Now is the perfect time to be fishing, period. If you can find any time to go, then you should go!
There are a few things to make note of this time of year especially when there has been so much rain and heat. Conditions change in the water that can cause a severe change in mood for the fish. They may even change location in a big way.
If you have lots of rain, for example, that means there is lots of fresh water moving through the Cape Fear River. This can really alter the water quality, temperature and salinity. Those changes in conditions can really make fish react by way of movement or mood to bite. So you need to take these changes into consideration when you decide to go after the inshore favorite three: flounder, red drum, and speckled trout. Those fish can make major adjustments in their location, feeding habits and mood to bite.
Let’s take the red drum first. They’ve been having a great life way up in the creeks where the bait fish is plentiful and the water has been clean and salty. They haven’t been hastled all that much by lots of fishermen every day, so life was great until the five-day rain events of several weeks ago. That pushed a large amount of fresh water into those creeks and little safe havens—that forces the bait fish to move out, so the drum will follow.
Now the drum are all over the place looking for salty water and easy pickin’s for food. The red drum are more scattered now than they have been all summer. This can be good and bad for the fisherman. If you were catching them fairly easy so far this summer and now they are gone, it’s time for you to seek out new locations for the bite. It can actully be a little easier to find them now but maybe not in a concentrated area. So go seek them out and remember—they can’t see well so find clean water, use smelly but fresh bait and wait for them. They are still around!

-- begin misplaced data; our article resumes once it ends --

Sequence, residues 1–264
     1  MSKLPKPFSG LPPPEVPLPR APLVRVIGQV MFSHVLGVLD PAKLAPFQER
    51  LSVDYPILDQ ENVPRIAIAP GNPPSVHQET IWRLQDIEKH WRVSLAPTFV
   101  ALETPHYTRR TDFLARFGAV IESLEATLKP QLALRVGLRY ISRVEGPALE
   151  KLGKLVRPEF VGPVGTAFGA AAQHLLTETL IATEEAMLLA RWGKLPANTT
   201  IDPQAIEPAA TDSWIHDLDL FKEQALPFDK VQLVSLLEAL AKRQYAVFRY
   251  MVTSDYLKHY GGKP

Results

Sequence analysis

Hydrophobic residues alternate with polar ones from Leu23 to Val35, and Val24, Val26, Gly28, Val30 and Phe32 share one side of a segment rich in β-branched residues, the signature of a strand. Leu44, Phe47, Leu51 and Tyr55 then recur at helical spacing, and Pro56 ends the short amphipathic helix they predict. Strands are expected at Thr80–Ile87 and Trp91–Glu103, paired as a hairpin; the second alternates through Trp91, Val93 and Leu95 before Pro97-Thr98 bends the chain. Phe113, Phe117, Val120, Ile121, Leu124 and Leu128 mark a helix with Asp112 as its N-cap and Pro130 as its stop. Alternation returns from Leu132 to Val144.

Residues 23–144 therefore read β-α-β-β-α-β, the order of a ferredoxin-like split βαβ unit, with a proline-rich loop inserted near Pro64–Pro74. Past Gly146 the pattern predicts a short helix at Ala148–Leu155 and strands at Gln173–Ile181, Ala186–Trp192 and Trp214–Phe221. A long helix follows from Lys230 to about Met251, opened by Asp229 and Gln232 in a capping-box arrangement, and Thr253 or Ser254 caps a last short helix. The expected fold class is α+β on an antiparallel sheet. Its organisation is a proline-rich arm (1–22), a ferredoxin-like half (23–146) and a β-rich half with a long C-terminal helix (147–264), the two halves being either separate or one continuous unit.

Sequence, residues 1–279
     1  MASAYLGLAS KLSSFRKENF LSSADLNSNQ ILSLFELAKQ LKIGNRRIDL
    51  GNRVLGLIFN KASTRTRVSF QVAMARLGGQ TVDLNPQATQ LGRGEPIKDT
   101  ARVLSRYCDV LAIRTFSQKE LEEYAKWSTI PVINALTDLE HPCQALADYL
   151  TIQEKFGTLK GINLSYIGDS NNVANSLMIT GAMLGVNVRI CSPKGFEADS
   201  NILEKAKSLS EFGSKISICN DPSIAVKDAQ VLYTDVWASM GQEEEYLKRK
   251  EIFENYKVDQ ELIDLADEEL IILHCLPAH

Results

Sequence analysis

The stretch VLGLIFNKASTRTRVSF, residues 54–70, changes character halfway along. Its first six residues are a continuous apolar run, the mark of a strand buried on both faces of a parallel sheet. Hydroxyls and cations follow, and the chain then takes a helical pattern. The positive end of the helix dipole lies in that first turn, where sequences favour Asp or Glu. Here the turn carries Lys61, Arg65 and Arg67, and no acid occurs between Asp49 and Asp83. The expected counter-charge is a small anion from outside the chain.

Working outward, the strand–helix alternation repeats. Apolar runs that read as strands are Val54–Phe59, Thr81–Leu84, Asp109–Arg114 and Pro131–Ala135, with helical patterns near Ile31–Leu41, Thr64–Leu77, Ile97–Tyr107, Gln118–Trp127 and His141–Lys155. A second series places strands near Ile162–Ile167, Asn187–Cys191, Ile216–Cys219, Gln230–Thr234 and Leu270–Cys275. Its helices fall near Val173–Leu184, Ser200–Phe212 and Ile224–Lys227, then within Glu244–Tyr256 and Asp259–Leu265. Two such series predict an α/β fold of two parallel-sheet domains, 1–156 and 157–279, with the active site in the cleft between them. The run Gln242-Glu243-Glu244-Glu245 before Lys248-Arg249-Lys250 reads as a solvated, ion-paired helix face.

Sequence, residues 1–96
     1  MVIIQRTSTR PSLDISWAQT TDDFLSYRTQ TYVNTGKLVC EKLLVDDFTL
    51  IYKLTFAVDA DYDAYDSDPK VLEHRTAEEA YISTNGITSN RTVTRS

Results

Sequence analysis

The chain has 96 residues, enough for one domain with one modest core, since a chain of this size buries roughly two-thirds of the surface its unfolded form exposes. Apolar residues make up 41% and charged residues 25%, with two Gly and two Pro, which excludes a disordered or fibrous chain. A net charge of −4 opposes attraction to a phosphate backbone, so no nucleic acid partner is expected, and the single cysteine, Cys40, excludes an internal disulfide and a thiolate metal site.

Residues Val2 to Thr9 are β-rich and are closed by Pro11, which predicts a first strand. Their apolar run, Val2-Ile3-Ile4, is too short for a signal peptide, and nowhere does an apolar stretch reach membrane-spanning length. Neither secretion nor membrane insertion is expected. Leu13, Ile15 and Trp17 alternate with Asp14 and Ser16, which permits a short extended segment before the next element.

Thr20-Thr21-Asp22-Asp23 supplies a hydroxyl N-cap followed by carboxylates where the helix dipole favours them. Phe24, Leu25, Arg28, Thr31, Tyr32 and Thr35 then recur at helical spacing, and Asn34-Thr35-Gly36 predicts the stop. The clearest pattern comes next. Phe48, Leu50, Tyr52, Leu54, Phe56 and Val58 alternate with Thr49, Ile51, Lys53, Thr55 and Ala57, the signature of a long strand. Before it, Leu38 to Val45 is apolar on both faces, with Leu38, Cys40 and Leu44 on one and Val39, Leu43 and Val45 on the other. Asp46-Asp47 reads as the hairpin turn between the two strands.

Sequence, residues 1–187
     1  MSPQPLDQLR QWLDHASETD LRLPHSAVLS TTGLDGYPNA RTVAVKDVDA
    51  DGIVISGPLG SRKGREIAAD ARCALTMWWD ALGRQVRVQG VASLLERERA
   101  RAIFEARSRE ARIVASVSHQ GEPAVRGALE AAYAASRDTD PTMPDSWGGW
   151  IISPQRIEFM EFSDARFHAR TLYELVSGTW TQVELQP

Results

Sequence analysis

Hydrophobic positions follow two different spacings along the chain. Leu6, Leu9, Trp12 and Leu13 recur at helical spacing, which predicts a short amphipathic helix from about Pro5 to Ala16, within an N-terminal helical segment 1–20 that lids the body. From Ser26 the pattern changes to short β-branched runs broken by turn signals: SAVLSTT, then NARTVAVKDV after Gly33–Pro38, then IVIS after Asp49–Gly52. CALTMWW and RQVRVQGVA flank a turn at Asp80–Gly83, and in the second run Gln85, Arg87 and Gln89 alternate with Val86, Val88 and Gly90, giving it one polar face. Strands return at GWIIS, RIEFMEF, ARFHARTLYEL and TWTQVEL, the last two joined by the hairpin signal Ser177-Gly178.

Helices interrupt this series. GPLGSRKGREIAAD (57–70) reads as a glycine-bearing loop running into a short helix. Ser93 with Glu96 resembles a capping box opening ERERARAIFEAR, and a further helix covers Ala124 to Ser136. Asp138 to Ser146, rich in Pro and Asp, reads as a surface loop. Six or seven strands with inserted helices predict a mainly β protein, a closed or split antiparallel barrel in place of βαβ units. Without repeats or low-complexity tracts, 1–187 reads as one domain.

Now for the flounder. Those guys can handle the fresh water but may not stay inshore due to movement of the bait. If you notice, the mullet minows are more abundant out on the oceanfront. The bait fish are still inshore but the larger size of fish and schools is moving outward toward the ocean. Go look there for the larger baits and more concentrations of the flounder. Local artificial reefs and structures in the ocean can prove to be the best place while this dirty, less salty water is in the river. The flounder bite has been great in the ocean the last three to four weeks.
Now for the speckled trout. These fish are on the move. They don’t like dirty water all that much and will also move out into the ocean. They will move with the tide as well. The deal is, if you find them, there are probably many to be caught there but they might not stay long.
Look for clean water, especially at the high–tide end of the tide movement. They are typically in deeper holes or deep portions of a creek but they move around on the hunt for bait fish. Deep water access near grass banks is a great place to look. Also, the artificial reef areas near shore are a good place to fish for those right now. Clean water is key!
Last but not least, now is the time to think about the coming fall season and what you’ll use for bait. As you catch the larger mullet minnows, fiddler crabs, one-arm bandits, and pogies, start putting some in the freezer for late fall, winter and spring bait. I usually keep what’s left in my live bait well after a trip and freeze them for later. A flounder will literaly attack a frozen finger mullet in the late fall as if it were alive and well. Remember that one!
Remember, now is the prime time. I hope these tips help you catch more fish and remember this, if you don’t fish you won’t catch, so go fishing!